Both Lieberman and Green were reluctant to go into detail about what had changed to bring the festival back to the place it began in 1976.

"I'm not as interested in looking at the problems that we've had in our community over the past 10 or 20 years, as I am looking at the opportunities we have moving forward," Green said.

Green added, however, that he is interested finding ways to reduce the costs of policing events such as the Festival of Friends.

In 2012 police sent Festival of Friends organizers a bill for $44,000.

"The paid duty policing problem is just onerous on our festivals and events," Green said. "The highest costs for most of our festival events are paid duty policing. That's something we've got to look at as a city."

Farr said Lieberman used him as an early "sounding board" for the idea of a move back to the original location.

"Obviously, as an inner city kid, my public preference has always been the historical Gage Park home," Farr said. "I'm not knocking (the fairgrounds) but there is a history here that a lot of people remember fondly."

Farr said his contribution was mainly helping festival organizers to reach the right city bureaucrats to ensure a venue change wouldn't endanger event grant requests and associated timelines.

Ancaster Coun. Lloyd Ferguson said he had heard festival organizers had been mulling the decision for some time.

"It's sad to see it go. It will be missed," said Ferguson, who added the well-attended event was good for the Ancaster Agricultural Society, which runs the fairgrounds.

Lieberman said the festival had no ill-will toward the Ancaster site: "We're leaving with nothing but love for the fairgrounds and Coun. Ferguson."

The move to Ancaster provoked an outcry from longtime fans of the festival who wanted it kept in Gage Park. Ironically, the festival's opening day in Ancaster created an enormous traffic jam on Highway 403 as tens of thousands of people flocked to the fairgrounds to see performances by The Sheepdogs and City and Colour.

With files from Matthew Van Dongen

grockingham@thespec.com

905-526-3331 | @RockatTheSpec

Festival of Friends returning to Gage Park

News Oct 26, 2016 by Graham Rockingham The Hamilton Spectator

The Festival of Friends is coming home.

The Festival announced Tuesday through a short video on Twitter that it will return to Gage Park after being staged for six years at the Ancaster Fairgrounds.

"In 2011, the Festival of Friends was forced to move for a myriad of reasons including unresponsive leadership at city hall," the video says to the accompaniment of Skylar Grey singing "I'm Coming Home."

"In the past few months, changes have made it possible for the Festival of Friends to negotiate solutions to many of the concerns that necessitated our exit."

Festival general manager Loren Lieberman confirmed in an interview that the festival, which is entering its 41st year, will be held next August in Gage Park.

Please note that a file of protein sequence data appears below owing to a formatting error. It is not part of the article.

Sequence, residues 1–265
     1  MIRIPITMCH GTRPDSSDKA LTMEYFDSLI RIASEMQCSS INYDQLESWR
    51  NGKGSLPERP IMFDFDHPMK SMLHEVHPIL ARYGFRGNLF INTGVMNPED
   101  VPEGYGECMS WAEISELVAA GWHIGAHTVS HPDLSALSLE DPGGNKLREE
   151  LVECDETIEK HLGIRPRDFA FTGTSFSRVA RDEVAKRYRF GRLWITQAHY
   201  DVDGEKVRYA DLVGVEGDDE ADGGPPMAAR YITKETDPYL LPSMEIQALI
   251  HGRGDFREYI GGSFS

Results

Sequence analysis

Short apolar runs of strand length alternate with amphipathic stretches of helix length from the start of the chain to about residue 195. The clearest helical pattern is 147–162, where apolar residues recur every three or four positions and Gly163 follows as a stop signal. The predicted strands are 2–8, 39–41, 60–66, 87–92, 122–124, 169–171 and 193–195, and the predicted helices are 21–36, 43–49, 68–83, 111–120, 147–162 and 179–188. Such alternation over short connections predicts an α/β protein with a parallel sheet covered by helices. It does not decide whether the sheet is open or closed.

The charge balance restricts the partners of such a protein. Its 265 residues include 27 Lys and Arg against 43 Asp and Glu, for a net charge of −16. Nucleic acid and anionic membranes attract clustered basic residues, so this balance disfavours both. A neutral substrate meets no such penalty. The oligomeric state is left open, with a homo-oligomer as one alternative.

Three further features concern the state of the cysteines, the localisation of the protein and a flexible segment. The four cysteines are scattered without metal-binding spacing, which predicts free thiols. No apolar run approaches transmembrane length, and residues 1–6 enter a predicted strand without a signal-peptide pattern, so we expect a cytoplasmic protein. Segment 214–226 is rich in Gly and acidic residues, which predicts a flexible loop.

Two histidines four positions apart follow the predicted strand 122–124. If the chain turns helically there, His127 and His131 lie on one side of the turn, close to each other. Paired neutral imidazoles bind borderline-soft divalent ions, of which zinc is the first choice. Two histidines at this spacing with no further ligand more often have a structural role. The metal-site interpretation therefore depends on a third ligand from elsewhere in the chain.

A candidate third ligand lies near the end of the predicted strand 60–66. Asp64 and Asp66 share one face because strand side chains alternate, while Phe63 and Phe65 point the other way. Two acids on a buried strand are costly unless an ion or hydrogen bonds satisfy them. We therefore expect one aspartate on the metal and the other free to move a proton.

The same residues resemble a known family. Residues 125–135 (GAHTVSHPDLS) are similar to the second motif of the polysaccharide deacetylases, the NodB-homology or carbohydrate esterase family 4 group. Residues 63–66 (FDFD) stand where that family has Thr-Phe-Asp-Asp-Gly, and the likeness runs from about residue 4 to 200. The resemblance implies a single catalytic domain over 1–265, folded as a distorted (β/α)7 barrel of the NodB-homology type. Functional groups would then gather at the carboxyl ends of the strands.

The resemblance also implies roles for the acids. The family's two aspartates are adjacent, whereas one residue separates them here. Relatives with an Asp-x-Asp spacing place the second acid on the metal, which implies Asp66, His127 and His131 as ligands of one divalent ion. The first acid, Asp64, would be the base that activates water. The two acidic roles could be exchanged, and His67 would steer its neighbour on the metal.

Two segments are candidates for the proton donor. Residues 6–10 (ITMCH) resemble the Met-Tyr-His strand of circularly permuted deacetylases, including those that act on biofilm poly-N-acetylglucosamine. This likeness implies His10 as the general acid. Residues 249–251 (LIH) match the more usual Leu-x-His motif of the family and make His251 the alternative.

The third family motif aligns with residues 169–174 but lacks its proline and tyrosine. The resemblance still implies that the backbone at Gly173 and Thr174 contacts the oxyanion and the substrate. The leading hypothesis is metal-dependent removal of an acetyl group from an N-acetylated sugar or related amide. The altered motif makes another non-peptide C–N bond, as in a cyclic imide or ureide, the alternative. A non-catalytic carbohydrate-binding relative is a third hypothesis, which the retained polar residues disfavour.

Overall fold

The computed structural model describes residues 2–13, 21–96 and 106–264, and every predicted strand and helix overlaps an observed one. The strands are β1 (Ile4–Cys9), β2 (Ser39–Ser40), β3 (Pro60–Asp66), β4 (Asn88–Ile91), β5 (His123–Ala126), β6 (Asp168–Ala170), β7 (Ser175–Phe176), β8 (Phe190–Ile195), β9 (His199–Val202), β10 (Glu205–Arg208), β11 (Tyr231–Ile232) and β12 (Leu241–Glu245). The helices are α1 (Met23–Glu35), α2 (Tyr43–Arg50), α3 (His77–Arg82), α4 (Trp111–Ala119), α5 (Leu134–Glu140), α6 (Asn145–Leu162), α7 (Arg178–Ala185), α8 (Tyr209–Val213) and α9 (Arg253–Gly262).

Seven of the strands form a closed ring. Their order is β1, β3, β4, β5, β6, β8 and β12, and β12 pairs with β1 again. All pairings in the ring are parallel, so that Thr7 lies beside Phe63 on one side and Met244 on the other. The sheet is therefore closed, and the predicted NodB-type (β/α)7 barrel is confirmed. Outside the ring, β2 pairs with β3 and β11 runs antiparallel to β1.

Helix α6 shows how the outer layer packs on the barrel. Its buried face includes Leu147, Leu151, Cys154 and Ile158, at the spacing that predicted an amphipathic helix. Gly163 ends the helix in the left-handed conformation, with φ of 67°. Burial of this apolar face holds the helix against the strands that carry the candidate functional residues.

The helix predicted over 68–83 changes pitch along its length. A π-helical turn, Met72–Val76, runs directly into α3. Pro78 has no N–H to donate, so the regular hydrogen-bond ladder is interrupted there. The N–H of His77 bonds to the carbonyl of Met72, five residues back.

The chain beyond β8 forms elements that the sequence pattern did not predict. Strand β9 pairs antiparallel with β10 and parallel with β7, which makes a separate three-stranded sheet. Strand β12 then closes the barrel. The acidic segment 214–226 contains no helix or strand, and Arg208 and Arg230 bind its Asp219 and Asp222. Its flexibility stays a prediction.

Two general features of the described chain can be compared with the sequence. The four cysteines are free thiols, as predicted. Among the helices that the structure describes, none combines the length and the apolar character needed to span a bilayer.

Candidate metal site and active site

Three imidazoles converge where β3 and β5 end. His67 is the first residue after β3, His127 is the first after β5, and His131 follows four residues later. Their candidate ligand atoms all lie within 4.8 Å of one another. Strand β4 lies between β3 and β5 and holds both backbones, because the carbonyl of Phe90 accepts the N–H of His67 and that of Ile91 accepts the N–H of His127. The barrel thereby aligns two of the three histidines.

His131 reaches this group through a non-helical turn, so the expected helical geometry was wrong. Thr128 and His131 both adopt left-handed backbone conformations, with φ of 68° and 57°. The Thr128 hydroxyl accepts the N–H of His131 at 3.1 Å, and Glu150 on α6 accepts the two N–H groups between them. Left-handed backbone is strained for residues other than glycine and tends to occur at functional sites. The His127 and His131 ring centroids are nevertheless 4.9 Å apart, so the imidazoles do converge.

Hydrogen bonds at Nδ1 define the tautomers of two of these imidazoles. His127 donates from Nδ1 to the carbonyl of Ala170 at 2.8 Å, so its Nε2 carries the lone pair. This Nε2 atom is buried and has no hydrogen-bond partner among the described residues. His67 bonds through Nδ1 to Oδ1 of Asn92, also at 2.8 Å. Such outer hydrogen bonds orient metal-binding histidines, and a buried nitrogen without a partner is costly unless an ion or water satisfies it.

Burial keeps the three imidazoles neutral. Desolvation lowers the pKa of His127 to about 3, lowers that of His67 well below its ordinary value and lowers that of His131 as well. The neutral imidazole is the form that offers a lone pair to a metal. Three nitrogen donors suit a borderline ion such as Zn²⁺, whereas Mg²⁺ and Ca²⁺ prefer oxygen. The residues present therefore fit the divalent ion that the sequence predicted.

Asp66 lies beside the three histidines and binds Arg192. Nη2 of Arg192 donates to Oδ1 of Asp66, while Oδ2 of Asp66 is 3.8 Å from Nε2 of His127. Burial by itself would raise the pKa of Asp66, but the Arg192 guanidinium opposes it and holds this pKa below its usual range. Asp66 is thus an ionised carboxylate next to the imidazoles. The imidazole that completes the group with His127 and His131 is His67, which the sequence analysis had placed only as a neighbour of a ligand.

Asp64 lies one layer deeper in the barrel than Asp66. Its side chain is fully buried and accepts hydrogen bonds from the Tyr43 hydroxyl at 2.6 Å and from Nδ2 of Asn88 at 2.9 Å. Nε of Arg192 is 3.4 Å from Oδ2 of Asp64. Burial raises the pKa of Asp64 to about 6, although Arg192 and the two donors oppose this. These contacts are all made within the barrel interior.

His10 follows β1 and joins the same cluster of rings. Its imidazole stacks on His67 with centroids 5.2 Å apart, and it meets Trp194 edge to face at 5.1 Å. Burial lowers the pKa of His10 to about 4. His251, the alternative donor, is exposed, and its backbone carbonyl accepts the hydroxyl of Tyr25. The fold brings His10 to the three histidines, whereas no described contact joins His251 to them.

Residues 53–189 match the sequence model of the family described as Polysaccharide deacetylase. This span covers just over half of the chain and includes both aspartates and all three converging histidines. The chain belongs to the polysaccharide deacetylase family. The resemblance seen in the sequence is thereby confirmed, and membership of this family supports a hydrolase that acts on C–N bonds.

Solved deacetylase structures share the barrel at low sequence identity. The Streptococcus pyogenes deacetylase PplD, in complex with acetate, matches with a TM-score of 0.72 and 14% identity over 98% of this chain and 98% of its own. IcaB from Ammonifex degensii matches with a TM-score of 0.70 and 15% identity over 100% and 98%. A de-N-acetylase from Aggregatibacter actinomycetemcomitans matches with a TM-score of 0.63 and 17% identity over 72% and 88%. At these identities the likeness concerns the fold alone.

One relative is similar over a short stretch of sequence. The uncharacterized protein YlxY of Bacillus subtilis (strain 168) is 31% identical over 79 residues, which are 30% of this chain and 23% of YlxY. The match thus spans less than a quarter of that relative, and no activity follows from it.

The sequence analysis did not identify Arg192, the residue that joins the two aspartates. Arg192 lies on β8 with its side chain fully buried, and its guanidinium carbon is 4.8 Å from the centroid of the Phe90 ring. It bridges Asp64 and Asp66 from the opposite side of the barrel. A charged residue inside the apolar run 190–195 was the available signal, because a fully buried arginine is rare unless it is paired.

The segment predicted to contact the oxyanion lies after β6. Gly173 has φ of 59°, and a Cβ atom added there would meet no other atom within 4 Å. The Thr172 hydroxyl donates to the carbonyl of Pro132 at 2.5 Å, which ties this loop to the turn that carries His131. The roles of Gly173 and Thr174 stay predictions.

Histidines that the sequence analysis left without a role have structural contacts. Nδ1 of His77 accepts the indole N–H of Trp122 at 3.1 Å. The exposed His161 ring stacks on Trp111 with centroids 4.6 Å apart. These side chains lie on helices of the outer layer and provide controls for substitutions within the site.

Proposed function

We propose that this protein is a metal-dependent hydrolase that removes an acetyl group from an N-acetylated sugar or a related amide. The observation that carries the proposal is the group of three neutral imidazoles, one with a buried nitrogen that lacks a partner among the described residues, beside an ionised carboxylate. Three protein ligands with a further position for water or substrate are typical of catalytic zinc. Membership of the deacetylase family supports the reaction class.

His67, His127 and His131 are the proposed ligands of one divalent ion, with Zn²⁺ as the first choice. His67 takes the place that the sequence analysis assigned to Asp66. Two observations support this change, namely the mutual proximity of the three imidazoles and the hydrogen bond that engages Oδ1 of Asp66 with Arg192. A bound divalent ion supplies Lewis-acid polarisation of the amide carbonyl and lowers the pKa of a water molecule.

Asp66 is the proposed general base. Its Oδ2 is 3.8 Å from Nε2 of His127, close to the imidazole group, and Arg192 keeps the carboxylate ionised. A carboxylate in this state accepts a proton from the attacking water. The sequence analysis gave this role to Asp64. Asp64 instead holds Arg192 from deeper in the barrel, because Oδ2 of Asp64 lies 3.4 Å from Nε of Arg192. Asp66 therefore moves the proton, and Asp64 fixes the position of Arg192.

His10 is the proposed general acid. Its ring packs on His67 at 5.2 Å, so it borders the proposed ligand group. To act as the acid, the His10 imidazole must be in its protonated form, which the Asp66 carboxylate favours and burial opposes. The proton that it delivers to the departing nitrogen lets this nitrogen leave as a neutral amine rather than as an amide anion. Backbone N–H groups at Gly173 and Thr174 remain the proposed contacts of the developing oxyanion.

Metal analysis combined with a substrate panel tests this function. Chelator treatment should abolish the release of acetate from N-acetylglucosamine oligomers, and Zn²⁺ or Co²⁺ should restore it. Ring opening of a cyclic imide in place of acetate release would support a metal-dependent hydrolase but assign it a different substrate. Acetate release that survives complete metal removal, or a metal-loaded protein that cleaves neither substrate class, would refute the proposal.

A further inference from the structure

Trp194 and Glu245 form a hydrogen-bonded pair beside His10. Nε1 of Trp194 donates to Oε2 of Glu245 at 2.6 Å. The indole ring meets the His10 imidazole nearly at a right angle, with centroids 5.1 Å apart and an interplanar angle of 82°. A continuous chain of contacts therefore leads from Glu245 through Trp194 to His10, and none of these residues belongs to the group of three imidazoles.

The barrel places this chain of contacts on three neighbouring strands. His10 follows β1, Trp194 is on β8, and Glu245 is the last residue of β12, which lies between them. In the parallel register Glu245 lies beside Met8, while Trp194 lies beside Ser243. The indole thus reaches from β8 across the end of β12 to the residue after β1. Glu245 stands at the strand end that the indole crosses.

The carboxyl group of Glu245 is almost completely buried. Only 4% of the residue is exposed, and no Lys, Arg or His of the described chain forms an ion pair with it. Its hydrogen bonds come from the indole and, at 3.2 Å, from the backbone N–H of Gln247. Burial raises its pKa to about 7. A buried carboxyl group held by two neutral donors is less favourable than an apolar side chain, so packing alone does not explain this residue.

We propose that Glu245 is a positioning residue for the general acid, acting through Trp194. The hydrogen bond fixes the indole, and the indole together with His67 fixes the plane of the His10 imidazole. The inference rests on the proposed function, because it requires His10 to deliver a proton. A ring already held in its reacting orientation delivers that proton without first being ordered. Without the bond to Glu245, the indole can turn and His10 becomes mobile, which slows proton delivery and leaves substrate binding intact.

Lieberman said Ward 2 Coun. Jason Farr and Ward 3 Coun. Matthew Green were instrumental smoothing the way for the festival's return to east Hamilton.

"The landscape has changed," Lieberman said. "City hall has changed."

The festival moved to Ancaster in 2011, with Lieberman saying at the time that it had outgrown Gage Park.

The festival, which at that time was attracting evening crowds as large as 30,000, also had issues with parking in and around the park, as well as complaints from the neighbourhood regarding noise and the increasing numbers of attendees.

Lieberman said the festival was also denied access to the park's east end which had previously been used for parking. He said he expects to regain access to that area for expanded parking.

Green said one of his top priorities as a city councillor has been bringing the festival back to Ward 3, which houses Gage Park.

"One of the first things I did when elected (in 2014) was take a walk around Gage Park with Loren (Lieberman) and discuss some of the issues that had been present there before," Green said.

"My perspective was that Gage Park was always the natural home for Festival of Friends. So I'm excited to see it finally coming back. Our community was a very proud host of Festival of Friends and there has been a lot of interest in Ward 3 to see it returned."

Both Lieberman and Green were reluctant to go into detail about what had changed to bring the festival back to the place it began in 1976.

"I'm not as interested in looking at the problems that we've had in our community over the past 10 or 20 years, as I am looking at the opportunities we have moving forward," Green said.

Green added, however, that he is interested finding ways to reduce the costs of policing events such as the Festival of Friends.

In 2012 police sent Festival of Friends organizers a bill for $44,000.

"The paid duty policing problem is just onerous on our festivals and events," Green said. "The highest costs for most of our festival events are paid duty policing. That's something we've got to look at as a city."

Farr said Lieberman used him as an early "sounding board" for the idea of a move back to the original location.

"Obviously, as an inner city kid, my public preference has always been the historical Gage Park home," Farr said. "I'm not knocking (the fairgrounds) but there is a history here that a lot of people remember fondly."

Farr said his contribution was mainly helping festival organizers to reach the right city bureaucrats to ensure a venue change wouldn't endanger event grant requests and associated timelines.

Ancaster Coun. Lloyd Ferguson said he had heard festival organizers had been mulling the decision for some time.

"It's sad to see it go. It will be missed," said Ferguson, who added the well-attended event was good for the Ancaster Agricultural Society, which runs the fairgrounds.

Lieberman said the festival had no ill-will toward the Ancaster site: "We're leaving with nothing but love for the fairgrounds and Coun. Ferguson."

The move to Ancaster provoked an outcry from longtime fans of the festival who wanted it kept in Gage Park. Ironically, the festival's opening day in Ancaster created an enormous traffic jam on Highway 403 as tens of thousands of people flocked to the fairgrounds to see performances by The Sheepdogs and City and Colour.

With files from Matthew Van Dongen

grockingham@thespec.com

905-526-3331 | @RockatTheSpec